BBA - Reviews on Cancer (v.1653, #2)
Editorial Board (ii).
Theanine and glutamate transporter inhibitors enhance the antitumor efficacy of chemotherapeutic agents by Tomomi Sugiyama; Yasuyuki Sadzuka (47-59).
Biochemical modulation has played an important role in the development of cancer chemotherapy. The combined effects of theanine, a specific amino acid in green tea, and glutamate transporter inhibitors on the antitumor activity of doxorubicin (DOX), were investigated and we clarified the biochemical mechanisms of action of these modulators.In M5076 ovarian sarcoma-bearing mice, theanine significantly enhanced the inhibitory effect of DOX on tumor growth and increased the DOX concentration in the tumor, compared to DOX-alone group. Furthermore, the oral administration of theanine or green tea similarly enhanced the antitumor activity of DOX. Moreover, the combination of theanine with DOX suppressed the hepatic metastasis of ovarian sarcoma. In contrast, an increase in DOX concentration was not observed in normal tissues, such as liver and heart. Namely, theanine did not enhance, rather it tended to normalize the increase of lipid peroxide (LPO) levels and reduction of glutathione peroxidase activity as indicators of the DOX-induced side toxicity.On the other hand, in vitro experiments proved that theanine inhibited the efflux of DOX from tumor cells, supporting a theanine-induced increase in the DOX concentration in tumors in vivo. Moreover, theanine significantly inhibited the glutamate uptake by M5076 cells similar to specific inhibitors. Two astrocytic high-affinity glutamate transporters, GLAST and GLT-1, were expressed in M5076 cells. These results suggested that the inhibition of DOX efflux was induced by theanine-mediated inhibition of glutamate transporters. The reduction in the concentration of glutamate in tumor cells caused by theanine induced decreases in the intracellular glutathione (GSH) and GS-DOX conjugate levels. As the expression of MRP5 in M5076 cells was confirmed, it is suggested that the GS-DOX conjugate was transported extracellularly via the MRP5/GS-X pump in M5076 cells and that theanine affected this route. Namely, theanine increases the concentration of DOX in a tumor in vivo through inhibition of the glutamate transporter via the GS-X pump. Similarly, dihydrokainate (DHK) and l-serine-O-sulfate (SOS), specific glutamate transporter inhibitors, indicated the enhancement of the DOX antitumor activity via inhibition of glutamate uptake. Therefore, we revealed the novel mechanism of enhancement of antitumor efficacy of DOX via the inhibition of glutamate transporters.Similarly, theanine enhanced the antitumor activities of other anthracyclines, cisplatin and irinotecan. Consequently, the modulating effect of theanine on the efficacy of antitumor agents is expected to be applicable in clinical cancer chemotherapy.
Keywords: Theanine; Doxorubicin; Glutamate transporter; GS-X pump; Cancer chemotherapy;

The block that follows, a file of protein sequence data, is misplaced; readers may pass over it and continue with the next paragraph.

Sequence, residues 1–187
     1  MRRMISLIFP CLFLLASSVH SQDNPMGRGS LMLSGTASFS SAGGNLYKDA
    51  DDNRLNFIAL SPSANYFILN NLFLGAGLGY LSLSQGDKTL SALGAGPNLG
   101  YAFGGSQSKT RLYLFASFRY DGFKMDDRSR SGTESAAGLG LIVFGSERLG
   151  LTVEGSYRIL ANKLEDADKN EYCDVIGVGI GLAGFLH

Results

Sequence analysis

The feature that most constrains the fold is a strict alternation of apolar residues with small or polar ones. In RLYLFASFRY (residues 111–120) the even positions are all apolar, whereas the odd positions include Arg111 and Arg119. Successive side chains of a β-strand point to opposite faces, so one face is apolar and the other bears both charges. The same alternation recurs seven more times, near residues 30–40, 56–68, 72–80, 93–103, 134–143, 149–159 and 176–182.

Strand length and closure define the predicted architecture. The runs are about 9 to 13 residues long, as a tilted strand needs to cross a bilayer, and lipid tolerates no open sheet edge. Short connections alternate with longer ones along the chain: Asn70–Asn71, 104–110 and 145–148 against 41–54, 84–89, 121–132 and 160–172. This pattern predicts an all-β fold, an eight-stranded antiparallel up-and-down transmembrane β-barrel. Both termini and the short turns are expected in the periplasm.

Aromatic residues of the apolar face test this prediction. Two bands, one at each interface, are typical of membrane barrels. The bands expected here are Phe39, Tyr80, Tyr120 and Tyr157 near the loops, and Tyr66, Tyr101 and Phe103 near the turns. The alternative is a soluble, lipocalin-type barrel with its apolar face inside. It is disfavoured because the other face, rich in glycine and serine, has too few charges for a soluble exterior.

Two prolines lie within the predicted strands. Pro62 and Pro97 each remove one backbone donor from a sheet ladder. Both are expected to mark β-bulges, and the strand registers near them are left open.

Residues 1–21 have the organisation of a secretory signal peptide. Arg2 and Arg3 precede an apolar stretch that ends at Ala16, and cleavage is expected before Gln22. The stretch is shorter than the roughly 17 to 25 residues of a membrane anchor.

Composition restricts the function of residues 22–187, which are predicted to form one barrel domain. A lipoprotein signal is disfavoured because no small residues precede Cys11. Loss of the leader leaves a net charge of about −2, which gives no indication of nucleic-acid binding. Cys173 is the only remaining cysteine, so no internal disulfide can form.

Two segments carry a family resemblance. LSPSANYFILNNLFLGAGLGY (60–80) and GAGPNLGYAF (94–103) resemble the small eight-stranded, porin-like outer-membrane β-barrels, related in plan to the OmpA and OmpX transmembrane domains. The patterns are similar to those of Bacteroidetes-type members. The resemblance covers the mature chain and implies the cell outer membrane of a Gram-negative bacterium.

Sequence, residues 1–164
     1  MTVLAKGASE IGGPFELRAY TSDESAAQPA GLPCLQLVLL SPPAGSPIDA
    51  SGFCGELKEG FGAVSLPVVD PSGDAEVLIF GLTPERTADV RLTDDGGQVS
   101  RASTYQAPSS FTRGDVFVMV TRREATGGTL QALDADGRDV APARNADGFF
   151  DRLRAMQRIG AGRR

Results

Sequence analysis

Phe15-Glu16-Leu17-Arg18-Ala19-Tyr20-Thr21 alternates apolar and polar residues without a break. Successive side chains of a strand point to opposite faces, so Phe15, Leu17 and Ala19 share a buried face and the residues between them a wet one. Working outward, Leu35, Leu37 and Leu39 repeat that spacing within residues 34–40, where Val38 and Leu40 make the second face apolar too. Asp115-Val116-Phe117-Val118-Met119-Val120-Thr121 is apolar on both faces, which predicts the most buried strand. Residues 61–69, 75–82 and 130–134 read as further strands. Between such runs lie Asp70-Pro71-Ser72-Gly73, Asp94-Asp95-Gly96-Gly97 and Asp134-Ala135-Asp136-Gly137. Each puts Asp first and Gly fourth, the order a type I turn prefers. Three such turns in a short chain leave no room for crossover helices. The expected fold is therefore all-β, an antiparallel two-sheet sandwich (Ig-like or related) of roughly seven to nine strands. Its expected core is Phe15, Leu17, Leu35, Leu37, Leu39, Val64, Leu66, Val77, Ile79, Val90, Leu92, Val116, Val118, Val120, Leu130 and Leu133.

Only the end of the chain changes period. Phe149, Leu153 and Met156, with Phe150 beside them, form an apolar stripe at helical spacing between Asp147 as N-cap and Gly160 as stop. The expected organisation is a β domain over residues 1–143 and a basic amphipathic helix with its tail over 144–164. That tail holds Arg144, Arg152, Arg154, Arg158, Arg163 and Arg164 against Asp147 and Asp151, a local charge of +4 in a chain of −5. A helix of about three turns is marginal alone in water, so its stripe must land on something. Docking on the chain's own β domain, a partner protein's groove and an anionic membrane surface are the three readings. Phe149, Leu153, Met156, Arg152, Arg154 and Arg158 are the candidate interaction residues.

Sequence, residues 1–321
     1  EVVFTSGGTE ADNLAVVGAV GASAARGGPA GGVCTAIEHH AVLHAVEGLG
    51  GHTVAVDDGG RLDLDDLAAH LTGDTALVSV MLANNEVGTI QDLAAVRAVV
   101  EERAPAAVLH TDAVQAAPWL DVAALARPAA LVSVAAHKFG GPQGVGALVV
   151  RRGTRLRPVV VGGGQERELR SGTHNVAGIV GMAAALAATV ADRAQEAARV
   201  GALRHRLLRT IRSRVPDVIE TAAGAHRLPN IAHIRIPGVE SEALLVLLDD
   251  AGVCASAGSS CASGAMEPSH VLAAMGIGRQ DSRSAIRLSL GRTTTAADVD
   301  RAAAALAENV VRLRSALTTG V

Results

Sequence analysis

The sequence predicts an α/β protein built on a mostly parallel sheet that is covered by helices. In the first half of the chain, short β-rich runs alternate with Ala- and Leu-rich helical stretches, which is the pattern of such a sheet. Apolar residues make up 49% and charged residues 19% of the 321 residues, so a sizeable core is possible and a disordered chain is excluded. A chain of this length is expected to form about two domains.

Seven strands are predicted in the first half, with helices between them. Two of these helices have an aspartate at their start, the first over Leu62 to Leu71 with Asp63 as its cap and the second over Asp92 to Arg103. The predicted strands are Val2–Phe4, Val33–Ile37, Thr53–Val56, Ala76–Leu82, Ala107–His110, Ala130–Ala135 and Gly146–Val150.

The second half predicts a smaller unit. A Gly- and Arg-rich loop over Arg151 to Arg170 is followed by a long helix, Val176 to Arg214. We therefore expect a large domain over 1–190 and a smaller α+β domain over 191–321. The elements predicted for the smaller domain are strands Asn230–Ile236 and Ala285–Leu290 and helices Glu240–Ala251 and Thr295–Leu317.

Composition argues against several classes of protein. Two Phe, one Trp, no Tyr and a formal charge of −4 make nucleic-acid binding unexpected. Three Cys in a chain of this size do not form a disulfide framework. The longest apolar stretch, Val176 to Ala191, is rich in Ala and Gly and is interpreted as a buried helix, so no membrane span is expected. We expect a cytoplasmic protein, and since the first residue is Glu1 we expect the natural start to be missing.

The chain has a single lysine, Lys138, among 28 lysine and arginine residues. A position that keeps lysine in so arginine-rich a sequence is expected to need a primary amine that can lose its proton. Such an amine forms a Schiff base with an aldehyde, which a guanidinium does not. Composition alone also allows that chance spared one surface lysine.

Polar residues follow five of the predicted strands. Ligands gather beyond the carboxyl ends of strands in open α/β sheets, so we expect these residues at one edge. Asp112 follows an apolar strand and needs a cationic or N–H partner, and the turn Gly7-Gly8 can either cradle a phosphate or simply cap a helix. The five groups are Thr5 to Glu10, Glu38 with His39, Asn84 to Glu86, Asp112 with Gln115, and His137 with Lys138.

Dissecting tumor responsiveness to immunotherapy: the experience of peptide-based melanoma vaccines by Simone Mocellin; Carlo Riccardo Rossi; Donato Nitti; Mario Lise; Francesco M. Marincola (61-71).
Recent years have witnessed important breakthroughs in our understanding of tumor immunology. A variety of immunotherapeutic strategies has shown that immune manipulation can induce the regression of established cancer in humans. The identification of the genes encoding tumor-associated antigens (TAA) and the development of means for immunizing against these antigens have opened new avenues for the development of an effective anticancer immunotherapy. However, an efficient immune response against tumor requires an intricate cross-talk between cancer and immune system cells, which is still poorly understood. Only when the molecular basis underlying tumor susceptibility to an immune response is deciphered could new therapeutic strategies be designed to fit biologically defined mechanisms of cancer immune rejection.In this article, we address some of the critical issues that have been identified in cancer immunotherapy, in part from our own studies on immune therapies in melanoma patients treated with peptide-based vaccination regimens. This is not meant to be a comprehensive overview of the immunological phenomena accompanying cancer patient vaccination but rather emphasizes some emergent findings, puzzling controversies and unanswered questions that characterize this complex field of oncology. In addition to reviewing the main immunological concepts underlying peptide-based vaccination, we also review the available data regarding naturally occurring and therapeutically induced anticancer immune response, both at the peripheral and intratumoral level. The hypothesized role of innate immunity in predetermining tumor responsiveness to immunotherapeutic manipulation is also discussed.
Keywords: Anticancer immune response; Melanoma; Peptide; Vaccine; Immunotherapy;
Sam68, the KH domain-containing superSTAR by Kiven E Lukong; Stéphane Richard (73-86).
Sam68 is one of the most studied members of the STAR family of RNA-binding proteins since its identification over a decade ago. Since its ascension into prominence, enormous progress has been made to unmask the link between the RNA-binding properties of Sam68 and the regulation of cellular processes including signal transduction, cell cycle regulation and tumorigenesis and RNA biogenesis in general. In this review we provide a detailed description of the functional domains of Sam68 and the possible biological roles that justify its superSTAR status.
Keywords: Sam68; Signaling; RNA binding; KH domain;